A five degreeof freedom, robotic,radiosurgical system dedicated to the brain is currently under development. In the proposed design, the machine is entirely self-shielded. The main advantage of a self-shielded system is the simplification of the system's installation, which can reduce the cost of radiosurgery. In this way, more patients can benefit from this minimally invasive and highly effective type of procedure. For technical reasons, space inside the shielded region is limited, which leads to constraints on the design. Here,two axes of rotation move a 3-megavolt linear accelerator around the patient's head at a source axis distance of 400 millimeters (mm), while the integrated patient table is characterized by two additional rotational, and one translational,degrees of freedom. Eight cone collimators of different diameters are available. The system can change the collimator automatically during treatment, using a collimator wheel. Since the linear accelerator can only move with two rotational axes, it is not possible to reposition the beam translationally (as it is in six degrees of freedom robotic radiosurgery). To achieve translational repositioning, it is necessary to move the patient couch. Thus, translational repositioning must be kept to a minimum during treatment. Our goal in this contribution is a preliminary investigation of dose distributions attainable with this type of design. Thus, we do not intend to design and evaluate the treatment planning system itself, but rather to establish that appropriate dose distributions can be achieved with this designunder realistic clinical circumstances. Our simulation suggests that dose gradients and conformity for complex target shapes, corresponding to state-of-the-art systems, can be achieved with this construction, althougha detailed evaluation of the system itself would be needed in the future.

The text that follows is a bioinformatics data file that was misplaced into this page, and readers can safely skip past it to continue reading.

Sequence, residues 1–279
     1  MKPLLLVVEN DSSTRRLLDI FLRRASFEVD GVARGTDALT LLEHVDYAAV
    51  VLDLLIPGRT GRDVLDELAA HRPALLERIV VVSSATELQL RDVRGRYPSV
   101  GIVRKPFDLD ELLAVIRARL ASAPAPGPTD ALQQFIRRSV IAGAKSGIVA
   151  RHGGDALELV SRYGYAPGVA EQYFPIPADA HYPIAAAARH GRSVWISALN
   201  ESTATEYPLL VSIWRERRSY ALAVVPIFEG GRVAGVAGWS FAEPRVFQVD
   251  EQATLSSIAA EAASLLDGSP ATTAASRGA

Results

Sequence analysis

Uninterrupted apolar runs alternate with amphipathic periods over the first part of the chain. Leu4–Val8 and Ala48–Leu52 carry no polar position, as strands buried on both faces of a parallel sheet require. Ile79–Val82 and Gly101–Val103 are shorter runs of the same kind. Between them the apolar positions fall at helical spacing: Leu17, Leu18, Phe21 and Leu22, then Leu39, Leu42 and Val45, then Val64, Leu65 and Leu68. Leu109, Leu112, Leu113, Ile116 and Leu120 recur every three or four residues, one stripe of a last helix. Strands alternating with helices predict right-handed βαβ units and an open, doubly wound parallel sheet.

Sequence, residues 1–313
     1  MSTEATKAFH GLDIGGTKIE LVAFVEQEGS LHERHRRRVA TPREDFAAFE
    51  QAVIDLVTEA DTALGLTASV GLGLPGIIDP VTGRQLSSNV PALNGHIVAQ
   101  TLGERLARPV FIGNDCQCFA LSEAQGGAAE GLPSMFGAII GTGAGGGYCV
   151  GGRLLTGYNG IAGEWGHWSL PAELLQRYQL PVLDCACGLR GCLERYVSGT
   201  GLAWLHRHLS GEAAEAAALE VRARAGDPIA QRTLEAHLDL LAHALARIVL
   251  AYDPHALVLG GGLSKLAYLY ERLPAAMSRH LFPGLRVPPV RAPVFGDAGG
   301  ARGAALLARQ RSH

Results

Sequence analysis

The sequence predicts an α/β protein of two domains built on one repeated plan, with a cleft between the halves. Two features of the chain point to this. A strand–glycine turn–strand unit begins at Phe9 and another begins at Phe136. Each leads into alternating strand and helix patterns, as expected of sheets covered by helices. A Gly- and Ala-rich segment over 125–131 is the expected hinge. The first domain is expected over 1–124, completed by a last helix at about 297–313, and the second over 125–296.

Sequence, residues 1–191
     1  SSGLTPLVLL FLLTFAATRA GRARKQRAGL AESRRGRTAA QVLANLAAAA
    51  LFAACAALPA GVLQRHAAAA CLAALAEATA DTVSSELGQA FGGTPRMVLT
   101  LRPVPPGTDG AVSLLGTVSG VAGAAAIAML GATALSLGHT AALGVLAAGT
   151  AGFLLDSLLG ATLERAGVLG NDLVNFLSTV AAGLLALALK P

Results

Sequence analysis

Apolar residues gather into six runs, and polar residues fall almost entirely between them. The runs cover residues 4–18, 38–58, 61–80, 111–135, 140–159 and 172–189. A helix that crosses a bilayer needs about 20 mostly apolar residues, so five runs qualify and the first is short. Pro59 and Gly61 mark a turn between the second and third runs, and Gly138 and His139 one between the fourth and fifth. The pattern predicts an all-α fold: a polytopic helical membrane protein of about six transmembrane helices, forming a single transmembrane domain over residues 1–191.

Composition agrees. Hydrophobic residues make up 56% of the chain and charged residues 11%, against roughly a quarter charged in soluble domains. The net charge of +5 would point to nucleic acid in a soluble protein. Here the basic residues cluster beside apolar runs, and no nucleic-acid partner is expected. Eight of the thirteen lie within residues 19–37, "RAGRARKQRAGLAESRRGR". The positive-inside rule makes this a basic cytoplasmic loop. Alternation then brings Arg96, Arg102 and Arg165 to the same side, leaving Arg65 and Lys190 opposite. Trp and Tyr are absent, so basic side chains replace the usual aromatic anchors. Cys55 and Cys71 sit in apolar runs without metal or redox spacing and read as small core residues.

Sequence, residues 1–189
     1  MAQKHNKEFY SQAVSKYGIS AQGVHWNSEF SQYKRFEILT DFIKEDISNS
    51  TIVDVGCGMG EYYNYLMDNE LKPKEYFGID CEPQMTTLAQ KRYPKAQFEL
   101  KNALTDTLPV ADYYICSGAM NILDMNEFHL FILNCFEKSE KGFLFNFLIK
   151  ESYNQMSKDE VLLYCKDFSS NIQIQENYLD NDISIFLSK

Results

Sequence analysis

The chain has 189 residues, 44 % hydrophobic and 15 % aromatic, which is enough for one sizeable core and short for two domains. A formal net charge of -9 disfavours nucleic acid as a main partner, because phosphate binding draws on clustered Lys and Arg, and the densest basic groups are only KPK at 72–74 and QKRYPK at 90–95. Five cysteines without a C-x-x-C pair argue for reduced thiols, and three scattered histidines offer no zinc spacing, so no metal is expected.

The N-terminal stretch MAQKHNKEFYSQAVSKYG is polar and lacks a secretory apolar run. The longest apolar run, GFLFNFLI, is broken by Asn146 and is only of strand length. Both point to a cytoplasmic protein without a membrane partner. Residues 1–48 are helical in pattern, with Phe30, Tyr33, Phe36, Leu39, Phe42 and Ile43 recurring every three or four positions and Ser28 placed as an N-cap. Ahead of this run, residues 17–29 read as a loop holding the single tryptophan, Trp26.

View details for PubMedID 29152420